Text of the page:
Sativex launched in the UK, June 2010

Sativex® (delta-9-tetrahydrocannabinol (THC) and cannabidiol (CBD)), the first cannabinoid medicine derived from whole plant extracts from the cannabis sativa plant, has been available in the UK since June 2010 to treat spasticity associated with Multiple Sclerosis (MS) (1).

Available as a prescription only medicine and given as a mouth spray, the launch of Sativex® means that, for people with MS experiencing the spasms and cramping associated with spasticity, there is another treatment option.

There are approximately 100,000 people with MS in the UK and spasticity is very common, affecting most people with the condition at some point (2,3). It causes uncontrollable stiffness, muscle tension and spasms (4), which are often extremely painful and immobilising.

Simple day to day activities that people take for granted like unscrewing the lid off a milk bottle or being able to get out of a car can become very difficult. Not only does this cause people with MS huge distress, quality of life, self-image and mood can be greatly affected (4).

Speaking about the availability of Sativex® at its launch in June 2010, Pam Macfarlane, Chief Executive of the MS Trust said: ‘We have been aware for a long time, based on comments from people with MS, that cannabis based medicines can significantly improve spasticity which is a common, complex symptom of MS.

‘For this reason the MS Trust has campaigned for the availability of a licensed medicine that can be properly controlled and prescribed. We have also invested money and resources in developing the body of knowledge by funding clinical research into the effectiveness of cannabis based medicines. The launch of Sativex® is therefore a milestone for the NHS and the MS Trust, and we are delighted. It will now be down to specialist professionals to assess people and we hope that this can happen quickly.’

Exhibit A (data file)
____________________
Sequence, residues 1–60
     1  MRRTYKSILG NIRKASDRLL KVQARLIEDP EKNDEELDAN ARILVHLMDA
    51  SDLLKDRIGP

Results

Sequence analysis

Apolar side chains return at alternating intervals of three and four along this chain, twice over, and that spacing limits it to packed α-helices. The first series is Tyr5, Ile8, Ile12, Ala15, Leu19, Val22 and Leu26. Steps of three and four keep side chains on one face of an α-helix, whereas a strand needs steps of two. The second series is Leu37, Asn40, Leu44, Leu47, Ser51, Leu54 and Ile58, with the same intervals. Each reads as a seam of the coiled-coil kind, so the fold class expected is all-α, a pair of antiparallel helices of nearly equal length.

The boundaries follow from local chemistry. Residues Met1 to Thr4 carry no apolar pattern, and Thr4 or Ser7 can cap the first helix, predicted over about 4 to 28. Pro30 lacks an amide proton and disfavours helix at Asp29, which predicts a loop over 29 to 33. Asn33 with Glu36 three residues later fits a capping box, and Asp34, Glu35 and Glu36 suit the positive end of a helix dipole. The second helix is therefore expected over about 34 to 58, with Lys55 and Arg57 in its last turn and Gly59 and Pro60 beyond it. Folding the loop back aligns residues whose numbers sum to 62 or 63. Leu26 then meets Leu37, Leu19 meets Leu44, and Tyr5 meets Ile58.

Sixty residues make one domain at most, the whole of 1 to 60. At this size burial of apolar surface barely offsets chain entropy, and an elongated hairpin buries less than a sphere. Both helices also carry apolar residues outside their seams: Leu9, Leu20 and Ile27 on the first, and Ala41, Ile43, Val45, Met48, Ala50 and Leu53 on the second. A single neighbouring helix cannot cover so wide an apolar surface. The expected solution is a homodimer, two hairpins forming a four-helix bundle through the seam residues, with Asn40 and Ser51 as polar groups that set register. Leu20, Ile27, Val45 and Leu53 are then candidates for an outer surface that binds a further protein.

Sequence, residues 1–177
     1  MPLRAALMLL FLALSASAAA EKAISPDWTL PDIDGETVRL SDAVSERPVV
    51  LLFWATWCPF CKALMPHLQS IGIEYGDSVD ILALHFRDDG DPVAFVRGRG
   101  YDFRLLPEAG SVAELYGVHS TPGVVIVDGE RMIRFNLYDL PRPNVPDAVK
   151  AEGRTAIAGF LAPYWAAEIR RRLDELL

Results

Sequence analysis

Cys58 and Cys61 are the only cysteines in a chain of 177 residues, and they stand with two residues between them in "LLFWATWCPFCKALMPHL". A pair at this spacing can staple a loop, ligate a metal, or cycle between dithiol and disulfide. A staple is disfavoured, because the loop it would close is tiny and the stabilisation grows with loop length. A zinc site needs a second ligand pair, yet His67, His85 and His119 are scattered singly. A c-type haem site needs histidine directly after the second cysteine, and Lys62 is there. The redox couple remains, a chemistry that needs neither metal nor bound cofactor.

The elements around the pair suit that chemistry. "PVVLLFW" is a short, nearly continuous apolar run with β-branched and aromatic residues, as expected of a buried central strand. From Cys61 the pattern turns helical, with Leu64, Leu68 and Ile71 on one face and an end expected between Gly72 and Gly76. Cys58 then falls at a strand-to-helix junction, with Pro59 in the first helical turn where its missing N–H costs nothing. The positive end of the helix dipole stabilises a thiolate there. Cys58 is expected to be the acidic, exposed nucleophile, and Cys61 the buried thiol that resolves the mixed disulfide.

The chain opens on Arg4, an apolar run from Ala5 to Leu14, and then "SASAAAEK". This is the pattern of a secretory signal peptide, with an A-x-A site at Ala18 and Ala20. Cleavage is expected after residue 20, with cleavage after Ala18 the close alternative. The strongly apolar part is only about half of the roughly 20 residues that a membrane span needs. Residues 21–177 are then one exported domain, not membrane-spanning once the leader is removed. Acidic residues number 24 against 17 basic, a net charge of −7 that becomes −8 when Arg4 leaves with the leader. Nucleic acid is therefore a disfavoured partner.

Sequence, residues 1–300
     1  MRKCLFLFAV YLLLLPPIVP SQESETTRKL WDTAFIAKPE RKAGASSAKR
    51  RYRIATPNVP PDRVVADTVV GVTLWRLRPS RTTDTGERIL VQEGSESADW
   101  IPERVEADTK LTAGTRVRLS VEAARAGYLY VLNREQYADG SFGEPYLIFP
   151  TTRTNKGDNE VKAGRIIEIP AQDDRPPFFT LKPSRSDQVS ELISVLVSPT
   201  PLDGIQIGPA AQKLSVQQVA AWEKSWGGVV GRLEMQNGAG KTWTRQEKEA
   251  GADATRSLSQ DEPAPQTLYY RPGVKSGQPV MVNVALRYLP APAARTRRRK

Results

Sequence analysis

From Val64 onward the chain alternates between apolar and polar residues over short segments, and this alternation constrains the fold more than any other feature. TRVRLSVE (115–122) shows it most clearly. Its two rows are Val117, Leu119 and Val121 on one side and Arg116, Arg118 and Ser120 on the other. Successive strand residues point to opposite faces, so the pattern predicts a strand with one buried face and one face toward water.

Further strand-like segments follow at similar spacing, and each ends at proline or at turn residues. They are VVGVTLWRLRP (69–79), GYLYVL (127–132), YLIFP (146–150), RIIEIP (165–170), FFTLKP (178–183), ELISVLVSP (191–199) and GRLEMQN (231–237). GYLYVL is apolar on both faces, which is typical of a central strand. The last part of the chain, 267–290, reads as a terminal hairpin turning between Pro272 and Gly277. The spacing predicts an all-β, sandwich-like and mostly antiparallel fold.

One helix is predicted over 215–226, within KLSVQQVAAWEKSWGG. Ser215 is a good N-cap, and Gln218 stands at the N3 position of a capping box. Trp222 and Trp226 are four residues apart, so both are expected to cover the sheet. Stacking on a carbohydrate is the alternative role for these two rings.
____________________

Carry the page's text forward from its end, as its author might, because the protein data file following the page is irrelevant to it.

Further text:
As with many medicines, Sativex® does not work for everyone. The clinical trials show that about half of all people who add it to their existing medication find that it can provide relief from the debilitating symptoms of spasticity associated with MS (5). It contains active ingredients called cannabinoids which are extracted from cannabis plants grown in a strictly controlled environment.

References

  • Sativex® Summary of Product Characteristics, 2010
  • Multiple Sclerosis Society. About MS. Available at
    http://www.mssociety.org.uk/about_ms/index.html (Accessed October 2012).
  • Multiple Sclerosis Trust. Multiple Sclerosis Information for Health and Social Care Professionals. 2007. Available at
    http://www.mstrust.org.uk/downloads/ms_information_for_hps.pdf (Accessed October 2012).
  • Multiple Sclerosis International Federation. Spasticity in MS. MS in focus. Issue 12, 2008. Available at
    http://www.msif.org/docs/MSinFocusIssue12EN.pdf (Accessed October 2012).
  • Montalbán X, Wright S. Trial period for new symptomatic treatments: Lessons learnt from a Sativex in MS spasticity clinical trial. Oral session 131 presented at the 25th Congress of the European Committee for Treatment and Research in Multiple Sclerosis (ECTRIMS). September 2009.

Date of update January 2013
L.GB.10.2012.0814a